That has to be a first step, after the cleaning up. (I’m hoping the clean up is placed within the greater context, the greater plan, but that’s idealism, acknowledged.) A new General Manager of excellence and proven high achievement. How they’d love to be here and do it!

    Then, into the real flames, let’s move the CBD. An eighty year plan. Three generations.

    How about westward? As Australian governments of all levels continue this metamorphosis into a blended corporate amalgam, so too we could blend into the private. Do deals with land owners for where the future plan of the city, especially a CBD, re-envisioned, can live.

    (It may be of interest to some that the notion of a CBD is no longer a living relevance in sophisticated cities of the world. They don’t want a CBD, let alone re-plan one. It’s what these have built is to what I’m referring, but we’ll call it CBD for the sake of a wet lettuce comment.)

    Offer incentives, to those large land-holds to the west, or wherever, and then to CBD property owners, to move out of the flood, out of the choke, the ribbon development over-spill, into a planned zone that functions properly. With properly designed arterial transit, suitable no matter the type of vehicle that’ll also come.

    Look for the deal, council and landholder(s), and do it. Want to go now? A CBD property owner? Want to move into a properly planned environment, such as the best in the world has done, and be released from this endless current struggle? Give them the incentive.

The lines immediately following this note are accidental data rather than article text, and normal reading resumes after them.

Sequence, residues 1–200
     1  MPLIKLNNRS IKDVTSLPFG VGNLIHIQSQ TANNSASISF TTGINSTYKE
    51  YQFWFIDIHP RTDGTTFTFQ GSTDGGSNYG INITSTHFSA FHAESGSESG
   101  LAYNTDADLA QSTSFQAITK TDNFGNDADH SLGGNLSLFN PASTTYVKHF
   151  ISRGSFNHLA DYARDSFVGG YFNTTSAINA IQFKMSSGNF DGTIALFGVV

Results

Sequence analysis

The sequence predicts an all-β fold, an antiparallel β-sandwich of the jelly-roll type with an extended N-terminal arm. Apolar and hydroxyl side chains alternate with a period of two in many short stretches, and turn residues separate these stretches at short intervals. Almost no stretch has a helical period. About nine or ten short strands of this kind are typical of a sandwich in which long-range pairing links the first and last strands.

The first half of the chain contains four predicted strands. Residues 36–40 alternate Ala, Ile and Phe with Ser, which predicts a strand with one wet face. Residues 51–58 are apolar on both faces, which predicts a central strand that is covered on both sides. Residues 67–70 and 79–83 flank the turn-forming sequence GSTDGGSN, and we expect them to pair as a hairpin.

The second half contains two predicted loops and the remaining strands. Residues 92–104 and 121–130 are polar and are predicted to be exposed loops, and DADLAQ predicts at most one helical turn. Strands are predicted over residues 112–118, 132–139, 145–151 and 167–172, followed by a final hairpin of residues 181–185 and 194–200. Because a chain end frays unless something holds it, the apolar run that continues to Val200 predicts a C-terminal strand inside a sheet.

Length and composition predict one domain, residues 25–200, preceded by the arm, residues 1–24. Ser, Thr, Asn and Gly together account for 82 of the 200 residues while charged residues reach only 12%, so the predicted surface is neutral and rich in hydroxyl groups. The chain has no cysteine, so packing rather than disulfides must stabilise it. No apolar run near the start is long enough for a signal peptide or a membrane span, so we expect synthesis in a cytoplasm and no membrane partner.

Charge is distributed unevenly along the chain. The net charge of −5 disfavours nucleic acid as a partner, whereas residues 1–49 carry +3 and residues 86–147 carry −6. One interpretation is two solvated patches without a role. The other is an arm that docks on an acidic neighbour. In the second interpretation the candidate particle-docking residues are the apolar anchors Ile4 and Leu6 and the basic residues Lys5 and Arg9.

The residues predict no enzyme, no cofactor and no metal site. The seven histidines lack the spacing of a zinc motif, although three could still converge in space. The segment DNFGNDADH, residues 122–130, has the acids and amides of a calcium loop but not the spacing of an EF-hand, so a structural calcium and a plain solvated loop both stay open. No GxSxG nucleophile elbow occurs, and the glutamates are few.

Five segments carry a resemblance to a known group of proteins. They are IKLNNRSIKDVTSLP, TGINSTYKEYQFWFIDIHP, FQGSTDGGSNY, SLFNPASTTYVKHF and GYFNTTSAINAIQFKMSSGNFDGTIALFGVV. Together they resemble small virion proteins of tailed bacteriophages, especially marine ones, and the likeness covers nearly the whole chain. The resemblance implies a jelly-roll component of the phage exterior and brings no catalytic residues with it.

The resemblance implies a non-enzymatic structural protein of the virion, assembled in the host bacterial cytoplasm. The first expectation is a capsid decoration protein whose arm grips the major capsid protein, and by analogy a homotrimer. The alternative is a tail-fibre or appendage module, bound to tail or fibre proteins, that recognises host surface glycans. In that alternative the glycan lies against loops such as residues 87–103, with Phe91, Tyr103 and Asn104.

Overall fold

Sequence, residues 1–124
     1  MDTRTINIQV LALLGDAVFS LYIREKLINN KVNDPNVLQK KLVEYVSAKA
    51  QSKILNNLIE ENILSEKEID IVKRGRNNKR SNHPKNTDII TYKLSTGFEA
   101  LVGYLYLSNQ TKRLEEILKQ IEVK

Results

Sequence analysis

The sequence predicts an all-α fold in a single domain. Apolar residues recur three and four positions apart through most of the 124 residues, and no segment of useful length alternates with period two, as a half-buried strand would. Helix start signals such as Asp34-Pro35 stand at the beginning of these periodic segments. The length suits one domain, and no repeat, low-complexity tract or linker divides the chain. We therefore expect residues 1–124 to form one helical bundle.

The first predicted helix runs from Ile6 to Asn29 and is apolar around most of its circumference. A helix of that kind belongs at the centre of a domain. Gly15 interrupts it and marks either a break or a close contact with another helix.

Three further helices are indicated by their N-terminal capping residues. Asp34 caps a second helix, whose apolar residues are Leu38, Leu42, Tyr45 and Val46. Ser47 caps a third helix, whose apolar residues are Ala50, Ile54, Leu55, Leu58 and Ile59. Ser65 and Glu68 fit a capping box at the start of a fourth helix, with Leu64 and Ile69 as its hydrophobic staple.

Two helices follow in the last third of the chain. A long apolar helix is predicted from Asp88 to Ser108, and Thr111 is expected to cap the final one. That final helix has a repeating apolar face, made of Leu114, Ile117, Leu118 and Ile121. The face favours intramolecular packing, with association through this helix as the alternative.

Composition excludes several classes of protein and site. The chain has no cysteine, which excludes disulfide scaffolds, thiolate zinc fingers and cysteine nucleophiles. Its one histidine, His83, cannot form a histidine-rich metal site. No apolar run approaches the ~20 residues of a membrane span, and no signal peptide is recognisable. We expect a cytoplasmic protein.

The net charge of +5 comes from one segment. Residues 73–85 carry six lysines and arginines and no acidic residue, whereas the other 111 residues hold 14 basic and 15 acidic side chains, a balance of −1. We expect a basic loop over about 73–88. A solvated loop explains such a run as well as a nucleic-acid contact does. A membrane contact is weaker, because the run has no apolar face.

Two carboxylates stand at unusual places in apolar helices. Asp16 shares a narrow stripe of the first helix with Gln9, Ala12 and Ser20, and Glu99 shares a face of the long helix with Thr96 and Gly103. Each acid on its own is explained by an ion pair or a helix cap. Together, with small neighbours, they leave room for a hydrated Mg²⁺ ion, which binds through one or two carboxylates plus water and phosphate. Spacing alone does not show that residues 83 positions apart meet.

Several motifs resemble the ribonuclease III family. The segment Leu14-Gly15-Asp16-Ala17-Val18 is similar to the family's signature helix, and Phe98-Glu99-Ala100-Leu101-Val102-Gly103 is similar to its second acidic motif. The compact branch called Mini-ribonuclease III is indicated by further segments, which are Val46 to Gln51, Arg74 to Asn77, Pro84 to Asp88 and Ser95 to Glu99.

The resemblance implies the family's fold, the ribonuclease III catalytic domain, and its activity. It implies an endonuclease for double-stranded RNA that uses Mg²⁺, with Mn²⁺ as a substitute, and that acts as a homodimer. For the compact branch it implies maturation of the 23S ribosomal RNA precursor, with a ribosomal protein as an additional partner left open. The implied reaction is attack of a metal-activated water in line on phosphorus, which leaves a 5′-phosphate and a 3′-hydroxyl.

Wow. Look at that. New buildings in the new area. Exciting.

    Three generations. Today’s CBD property owner, wanting to bestow a lifetime’s effort to the kids, is comforted by knowing the kids will have that property as is. That the kids can grow up and move into the new world, and make the decision to move, through those generations as they wish.

    Out of the floods, out of the choke, out of the old and the unworking. Use those floods, instead, to create an extraordinary water garden where today you sandbag your shop. A water garden that in normal times is a walking parkway of peace and charm and healing, and fun and activity.

    These are the conversations we should be having. These are the exciting and inspiring directions and opportunities this region deserves, by respect of our natural gifts. And our location, betwixt Sydney and Brisbane as these, too, choke and struggle to capture what we have now, right now, by way of real-life opportunity at our feet.

    Shall we lift our eyes?

    How about it. Clean up the mess, but let’s do it with a view to getting to that better future, step by step. We won’t get there by committing talents and resources and big money into an area that is fundamentally defunct, money spent that binds and constricts us, and points us away from where we could better live.

    1. 40c, once the current swamp has been drained and the council’s financial situation clarified to the extent that ratepayers can understand it, how would you feel about the appointment of Dr. Sir Leslie Colin Patterson, wit, sage, raconteur, late Cultural Attaché to the Court of St James and Chairperson of the Australian Chapter of the International Cheese Board, as the man responsible for bringing true culcha to Coffs?
      I believe that an approach to his personal manager, Mr Humphries, might be well received.

Leave a Reply

Your email address will not be published. Required fields are marked *

Coffs Coast Outlook - Your alternative Coffs Coast voice
+ +